Mulch is one of the main growing methods here at Kingfisher Farm and we do a tremendous amount of experimenting with various materials.
The basic concept is to cover the ground so that soil is not exposed to sun and rain. This immediately helps with water retention, soil temperature moderation and erosion prevention. In a no till and no dig system like ours, it is also crucial for replenishing soil with vital nutrients.
Basics of Mulch
There is more to mulch than simply spreading wood chips on our garden beds. In fact, wood chips can actually initially hinder your garden growth because of it's tendency to absorb available nitrogen, making it unavailable for your plants. The type of mulch used, the time of application and the depth of the mulch all play an important role in its effect and effectiveness. However, the general idea is to cover any exposed soil with a material in order to improve water retention through decreased evaporation, regulate soil temperature, decrease erosion and add nutrients to the soil. It also drastically improves soil life and provides a home for some very useful critters.
Types of Mulch
Mulch comes in all types, all the way from synthetic black plastic to native tree leaves and everything in between. Our farm uses strictly organic, biodegradable mulches but that's not to say that the others are not worth trying. Black plastic for example has great benefits when growing plants that require very warm soil temperatures. Below is a list of some of the mulches we use and their generalized purpose:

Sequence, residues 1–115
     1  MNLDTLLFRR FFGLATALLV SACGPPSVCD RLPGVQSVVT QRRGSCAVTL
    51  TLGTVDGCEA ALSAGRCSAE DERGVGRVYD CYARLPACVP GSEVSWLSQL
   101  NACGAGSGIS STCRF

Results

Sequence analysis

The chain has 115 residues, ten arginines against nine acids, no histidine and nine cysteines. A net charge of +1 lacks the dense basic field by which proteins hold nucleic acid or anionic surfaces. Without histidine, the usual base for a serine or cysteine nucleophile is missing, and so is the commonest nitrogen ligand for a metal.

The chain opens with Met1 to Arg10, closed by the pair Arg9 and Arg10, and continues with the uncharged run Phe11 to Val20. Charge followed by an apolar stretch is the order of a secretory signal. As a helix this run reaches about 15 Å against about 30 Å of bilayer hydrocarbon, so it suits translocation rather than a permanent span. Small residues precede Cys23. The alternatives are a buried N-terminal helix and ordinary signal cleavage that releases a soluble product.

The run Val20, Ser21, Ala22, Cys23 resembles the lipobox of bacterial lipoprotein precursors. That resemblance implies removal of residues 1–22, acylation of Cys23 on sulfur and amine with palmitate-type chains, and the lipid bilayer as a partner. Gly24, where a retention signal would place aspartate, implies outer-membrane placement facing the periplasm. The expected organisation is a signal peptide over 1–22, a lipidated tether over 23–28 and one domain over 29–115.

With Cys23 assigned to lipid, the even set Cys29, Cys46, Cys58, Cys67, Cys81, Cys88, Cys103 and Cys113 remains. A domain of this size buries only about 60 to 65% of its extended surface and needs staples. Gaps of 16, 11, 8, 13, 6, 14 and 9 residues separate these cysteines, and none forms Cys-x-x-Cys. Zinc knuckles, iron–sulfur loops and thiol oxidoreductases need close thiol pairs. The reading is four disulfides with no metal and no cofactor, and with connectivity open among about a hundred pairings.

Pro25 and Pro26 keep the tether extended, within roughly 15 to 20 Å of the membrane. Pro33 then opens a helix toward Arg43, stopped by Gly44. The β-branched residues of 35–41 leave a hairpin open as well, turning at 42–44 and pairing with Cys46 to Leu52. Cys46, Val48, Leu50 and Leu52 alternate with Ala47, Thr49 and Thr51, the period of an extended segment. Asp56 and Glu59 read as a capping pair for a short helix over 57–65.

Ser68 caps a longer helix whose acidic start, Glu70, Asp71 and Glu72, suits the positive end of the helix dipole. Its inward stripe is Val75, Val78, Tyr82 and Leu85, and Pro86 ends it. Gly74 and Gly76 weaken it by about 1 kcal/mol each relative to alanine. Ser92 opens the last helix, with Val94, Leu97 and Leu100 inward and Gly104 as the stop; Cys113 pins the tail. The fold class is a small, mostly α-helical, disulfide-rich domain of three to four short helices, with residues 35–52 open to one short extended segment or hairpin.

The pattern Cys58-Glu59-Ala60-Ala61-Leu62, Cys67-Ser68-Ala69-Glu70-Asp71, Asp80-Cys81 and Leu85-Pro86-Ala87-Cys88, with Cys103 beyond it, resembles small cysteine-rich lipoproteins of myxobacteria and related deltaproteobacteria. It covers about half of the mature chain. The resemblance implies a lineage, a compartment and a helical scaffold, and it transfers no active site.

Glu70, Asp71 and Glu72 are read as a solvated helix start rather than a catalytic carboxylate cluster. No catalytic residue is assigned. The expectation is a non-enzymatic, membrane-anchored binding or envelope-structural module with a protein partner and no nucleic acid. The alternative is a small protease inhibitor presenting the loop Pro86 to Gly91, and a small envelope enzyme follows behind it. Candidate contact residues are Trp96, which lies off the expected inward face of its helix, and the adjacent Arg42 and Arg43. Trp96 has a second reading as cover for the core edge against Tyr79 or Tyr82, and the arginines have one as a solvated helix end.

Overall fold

Straw - General mulch. Slow to break down. Adds minimal nutrients. Affordable. Easy to work around.
Alder Leaves and Chips - Dense mulch. Slow to break down. Seeds have difficulty penetrating through mulch. Slow release nitrogen source. Can tie up nitrogen in early years. Good mulch around fruit trees.
Grass Clippings - Used for nitrogen boost. A favourite of earth worms. Promotes bacterial activity. Must be used sparingly and thinly. Best applied in early spring or late fall.
Maple Leaves - Excellent Carbon source. Breaks down relatively quickly. Easy to handle. Best applied in late fall. Readily available in our area.
Birch Leaves - Good source of Carbon. Slower to break down due to high tannin levels. Less valuable than maple leaves as a mulch.
Yarrow - High in potassium. Breaks down quickly. Easy to grow in dry areas. Source of nectar during growing stage. Extremely useful as mulch for large fruiting plants such as tomatoes.
Comfrey - Excellent source of nutrients. Extremely hardy and fast growing. Can become invasive. Breaks down quickly. Excellent source of nectar during growing season.
Recommendations for Straw and Hay Use as Mulch:
6 inch layer for Fall planted Garlic.
12 inch layer for over-wintered vegetables
Around Squash Plants and other mature plants
Around Strawberry Plants
Straw and Hay
As mentioned in the list above, straw is used on our farm as a general mulch when we need something quick and easy to work with. We have found that both straw and hay have their benefits and drawbacks as a mulch and as a general farm material. In terms of benefits, they are both easy to work with and go on quickly. I would recommend using at least a 6 inch layer and, as with any mulch, be sure to keep it at least 2 inches away from the base of your plants. They are both good mulches to apply to Fall planted garlic as they provide good insulation over the winter but should be pulled back in the spring to allow the soil to warm up and applied again once the soil has warmed. They are also easily applied to already existing vegetable gardens where large plants are already established. Squash plants are a great example as the straw or hay can serve as a mulch and a bed on which the fruiting bodies can remain off the ground. The drawbacks of straw and hay come in their break down times, their minimal appeal to soil organisms, the possibility for weed propagation and their possibility to be composed of non-native plants as much is brought in from other areas.
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